Though the book is presented as a Factual Account (Tatsachenbericht), the famous telegram of the title is only reported by anonymous hearsay. Choltitz writes 
Only afterwards was I informed, by high ranking officers fully aware of things, of a telegraphic question from headquarters: Is Paris burning? Adolf Hitler. I did not see it, and it was therefore not answered. [C, p. 66]
Later novels and movies promote this radio telegram of dubious existence to a genuine telephone call by a raging Hitler. Fictional spin-offs also never fail to render some sarcastic sentences by Choltitz as if he had spoken in earnest. Choltitz again (telephoning with Speidel):
"Let me tell you what I have ordered. I had three tons of explosives stored in the Notre Dame, two tons in the Dôme des Invalides, one ton in the Chambre des Députés. I'm about to blow up the Arc de Triomphe because of the field of fire." (...) I did not engage in any debate, and continued: "Let me tell you what I have planned. The Madeleine Church and the Opera House will be dealt with simultaneously." I got carried away, and added: "The Eiffel Tower will be blown up in such a way that it lies as a barrier in front of the destructed briges." Then it became clear to Speidel that I was not speaking in earnest, and that I only wanted to make clear into what insane situations a subordinate soldier is brought by such orders. [C, pp.64-65]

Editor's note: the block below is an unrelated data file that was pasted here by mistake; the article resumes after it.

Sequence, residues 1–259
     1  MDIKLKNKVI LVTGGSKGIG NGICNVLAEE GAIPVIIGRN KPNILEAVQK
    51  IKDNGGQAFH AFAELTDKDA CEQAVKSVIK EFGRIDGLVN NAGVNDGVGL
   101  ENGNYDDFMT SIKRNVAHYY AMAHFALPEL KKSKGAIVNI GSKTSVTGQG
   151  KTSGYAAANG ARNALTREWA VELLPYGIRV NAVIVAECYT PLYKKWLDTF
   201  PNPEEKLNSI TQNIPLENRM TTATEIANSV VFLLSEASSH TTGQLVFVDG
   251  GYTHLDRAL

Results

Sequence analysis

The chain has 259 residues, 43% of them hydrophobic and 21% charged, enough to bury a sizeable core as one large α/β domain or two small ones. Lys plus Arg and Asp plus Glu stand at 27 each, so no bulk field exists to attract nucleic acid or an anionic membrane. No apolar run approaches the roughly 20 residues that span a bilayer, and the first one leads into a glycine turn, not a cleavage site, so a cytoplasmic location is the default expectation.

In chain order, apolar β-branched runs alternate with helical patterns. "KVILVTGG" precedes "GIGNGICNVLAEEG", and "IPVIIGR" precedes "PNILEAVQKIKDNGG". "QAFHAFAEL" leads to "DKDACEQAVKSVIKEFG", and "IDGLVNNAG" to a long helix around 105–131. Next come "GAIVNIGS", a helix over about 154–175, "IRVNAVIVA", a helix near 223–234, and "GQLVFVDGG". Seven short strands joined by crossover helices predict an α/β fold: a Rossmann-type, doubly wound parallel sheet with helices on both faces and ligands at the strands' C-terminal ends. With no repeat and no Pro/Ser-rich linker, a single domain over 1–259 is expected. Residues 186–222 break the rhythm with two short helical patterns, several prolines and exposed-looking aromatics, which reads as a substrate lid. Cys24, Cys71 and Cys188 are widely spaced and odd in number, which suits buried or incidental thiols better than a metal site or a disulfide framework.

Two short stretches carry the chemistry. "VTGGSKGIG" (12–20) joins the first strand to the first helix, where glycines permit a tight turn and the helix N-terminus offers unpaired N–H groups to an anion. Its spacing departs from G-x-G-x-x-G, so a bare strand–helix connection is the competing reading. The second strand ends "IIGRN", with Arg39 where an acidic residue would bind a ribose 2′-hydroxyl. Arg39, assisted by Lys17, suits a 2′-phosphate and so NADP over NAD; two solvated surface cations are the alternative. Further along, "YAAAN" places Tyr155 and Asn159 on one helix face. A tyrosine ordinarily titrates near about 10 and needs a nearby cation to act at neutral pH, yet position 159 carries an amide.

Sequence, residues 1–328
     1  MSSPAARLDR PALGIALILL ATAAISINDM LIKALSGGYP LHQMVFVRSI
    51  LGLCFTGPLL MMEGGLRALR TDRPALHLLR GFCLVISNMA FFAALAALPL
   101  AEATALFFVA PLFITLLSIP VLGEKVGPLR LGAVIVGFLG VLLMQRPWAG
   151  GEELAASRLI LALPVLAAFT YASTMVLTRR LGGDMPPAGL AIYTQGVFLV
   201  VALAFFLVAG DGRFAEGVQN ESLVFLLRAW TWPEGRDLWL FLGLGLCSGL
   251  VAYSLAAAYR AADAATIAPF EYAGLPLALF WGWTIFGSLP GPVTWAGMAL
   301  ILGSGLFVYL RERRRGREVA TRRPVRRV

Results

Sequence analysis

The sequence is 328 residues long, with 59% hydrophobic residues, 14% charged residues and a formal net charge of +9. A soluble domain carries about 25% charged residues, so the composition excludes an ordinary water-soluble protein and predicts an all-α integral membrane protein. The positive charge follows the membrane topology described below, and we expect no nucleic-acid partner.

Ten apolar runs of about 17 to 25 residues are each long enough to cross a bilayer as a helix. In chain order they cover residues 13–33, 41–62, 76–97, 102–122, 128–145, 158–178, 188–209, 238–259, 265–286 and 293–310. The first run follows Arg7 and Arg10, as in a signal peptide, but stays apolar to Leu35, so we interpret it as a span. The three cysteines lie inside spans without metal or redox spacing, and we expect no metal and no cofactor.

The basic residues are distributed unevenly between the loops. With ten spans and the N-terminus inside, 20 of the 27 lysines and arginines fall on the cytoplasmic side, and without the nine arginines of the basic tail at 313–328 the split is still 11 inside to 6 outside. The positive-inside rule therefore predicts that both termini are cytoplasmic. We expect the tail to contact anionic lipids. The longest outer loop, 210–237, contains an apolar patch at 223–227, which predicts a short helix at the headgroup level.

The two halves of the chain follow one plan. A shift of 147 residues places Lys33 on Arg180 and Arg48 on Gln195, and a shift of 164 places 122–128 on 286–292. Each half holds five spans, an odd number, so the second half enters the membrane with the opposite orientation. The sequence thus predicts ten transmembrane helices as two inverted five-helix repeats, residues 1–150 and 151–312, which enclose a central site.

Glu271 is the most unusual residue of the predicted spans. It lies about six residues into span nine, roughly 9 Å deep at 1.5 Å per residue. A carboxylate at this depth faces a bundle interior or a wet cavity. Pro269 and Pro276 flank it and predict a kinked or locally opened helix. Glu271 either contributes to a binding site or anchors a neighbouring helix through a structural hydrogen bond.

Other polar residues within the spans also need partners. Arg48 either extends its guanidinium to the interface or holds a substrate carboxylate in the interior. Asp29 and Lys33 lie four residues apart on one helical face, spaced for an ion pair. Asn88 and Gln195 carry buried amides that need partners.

As for his orders, Choltitz renders the Trümmerfeld order of August 22 very briefly as follows:

Paris must be turned into a field of ruins. The commanding general must defend it to the last man and, if necessary, he dies in the ruins.

This succinct phrasing might create the impression that the wilful destruction of Paris was a primary goal, wheras it was taken into account merely as a consequence of stubborn defence. For comparison: there was never an order to destroy the historic town of Caen in Normandy, but as a result of heavy fighting it was nonetheless left in ruins, a mere three weeks before the events in Paris (photo below).

It's useless to try and decide whether or to what extent Choltitz was guilty of disobedience. After all, the court-martial investigating this question shortly after the events could not (or refused to) decide. Given his lack of means, the fighting under his command may have been more than symbolic; at his very headquarters, three soldiers and a staff officer were killed.